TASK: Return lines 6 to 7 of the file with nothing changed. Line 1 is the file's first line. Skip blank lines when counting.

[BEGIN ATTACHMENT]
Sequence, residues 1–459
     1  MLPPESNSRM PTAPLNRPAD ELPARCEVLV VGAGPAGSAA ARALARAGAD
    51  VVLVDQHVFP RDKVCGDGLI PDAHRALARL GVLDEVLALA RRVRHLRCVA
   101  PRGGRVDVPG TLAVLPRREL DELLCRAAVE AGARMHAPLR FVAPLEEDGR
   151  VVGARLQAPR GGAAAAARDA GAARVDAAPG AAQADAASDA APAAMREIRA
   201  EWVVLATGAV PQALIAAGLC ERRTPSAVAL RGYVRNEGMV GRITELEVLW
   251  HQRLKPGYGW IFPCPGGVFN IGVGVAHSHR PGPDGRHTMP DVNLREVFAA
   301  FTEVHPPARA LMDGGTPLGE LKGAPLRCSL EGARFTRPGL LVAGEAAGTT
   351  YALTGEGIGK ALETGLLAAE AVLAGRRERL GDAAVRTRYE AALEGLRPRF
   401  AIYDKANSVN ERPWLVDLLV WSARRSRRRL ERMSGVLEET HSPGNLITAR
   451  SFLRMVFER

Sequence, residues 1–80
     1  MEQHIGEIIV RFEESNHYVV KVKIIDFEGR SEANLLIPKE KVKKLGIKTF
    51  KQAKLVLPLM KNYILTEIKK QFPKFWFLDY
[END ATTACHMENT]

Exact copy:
   201  EWVVLATGAV PQALIAAGLC ERRTPSAVAL RGYVRNEGMV GRITELEVLW
   251  HQRLKPGYGW IFPCPGGVFN IGVGVAHSHR PGPDGRHTMP DVNLREVFAA